When we are more conscious of our thought patterns, we gain control of our minds and can shift our thoughts to be positive and helpful.

Wilson doesn’t claim that clients who journal have better outcomes than those who don’t. Instead, she believes journaling is one of many ways to process and shift thoughts. It can be incredibly effective, but each person has different needs and preferences.  

Understand Who is Responsible for Emotions

Dr. Jim Schlinsog, the owner of a private counseling practice in Memphis, says one significant benefit of journaling is that it helps people understand themselves and their interactions with others.

Dr. Schlinsog explains that many of his clients blame themselves for everyone else’s problems and reactions but that journaling helps them understand that each person is only responsible for their own emotions, thoughts, and feelings. Clients can stop blaming themselves for other people’s reactions.

Journaling Positively Impacts Physical Health

Trish Glynn, MA, Licensed Mental Health Counselor in Florida, stresses the benefits of journaling for physical wellness in addition to mental health.

Glynn says that journaling for 15 minutes three days a week has been shown to lower blood pressure, boost memory and comprehension, and improve your overall mood. Researchers have studied the impact of journaling on health conditions such as asthma, arthritis, and cancer, all with initial positive results.

Gain Awareness of Yourself Across Time

Ginelle Krummey is a licensed clinical mental health counselor specializing in burnout recovery and prevention. Anecdotally, Krummey has noticed a difference in clients who naturally journal versus those who don’t, and although she stresses there’s no right or wrong method of processing thoughts, those who journal tend to be more aware of their growth over time.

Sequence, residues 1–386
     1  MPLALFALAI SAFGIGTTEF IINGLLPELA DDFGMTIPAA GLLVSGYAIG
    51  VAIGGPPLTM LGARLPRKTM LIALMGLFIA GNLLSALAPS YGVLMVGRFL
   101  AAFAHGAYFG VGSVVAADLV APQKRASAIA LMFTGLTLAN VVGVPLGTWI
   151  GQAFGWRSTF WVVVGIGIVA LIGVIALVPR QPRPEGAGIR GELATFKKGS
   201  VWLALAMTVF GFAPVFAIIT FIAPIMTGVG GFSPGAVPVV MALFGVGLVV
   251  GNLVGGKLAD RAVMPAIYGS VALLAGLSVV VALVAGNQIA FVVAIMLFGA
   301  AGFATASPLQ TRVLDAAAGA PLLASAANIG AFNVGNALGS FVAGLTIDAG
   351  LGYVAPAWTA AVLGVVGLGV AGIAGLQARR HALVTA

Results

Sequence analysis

Krummey explains that people who have journaled their entire lives have the advantage of evidence of their past selves, which they can rely on to tell the story of how they were at a given point in time. 

Someone who started journaling recently can only rely on their memories, what they recall thinking and feeling at any given moment, and the reports others make about the past. Journaling over time offers people more opportunities for emotional exploration and the ability to visualize their growth over time.

Monitor Your Growth

Heather Wilson, Executive Director at Epiphany Wellness, says that journaling can help clients track their progress as they work towards achieving their goals. Recording the positive steps you take, and your success can keep you motivated.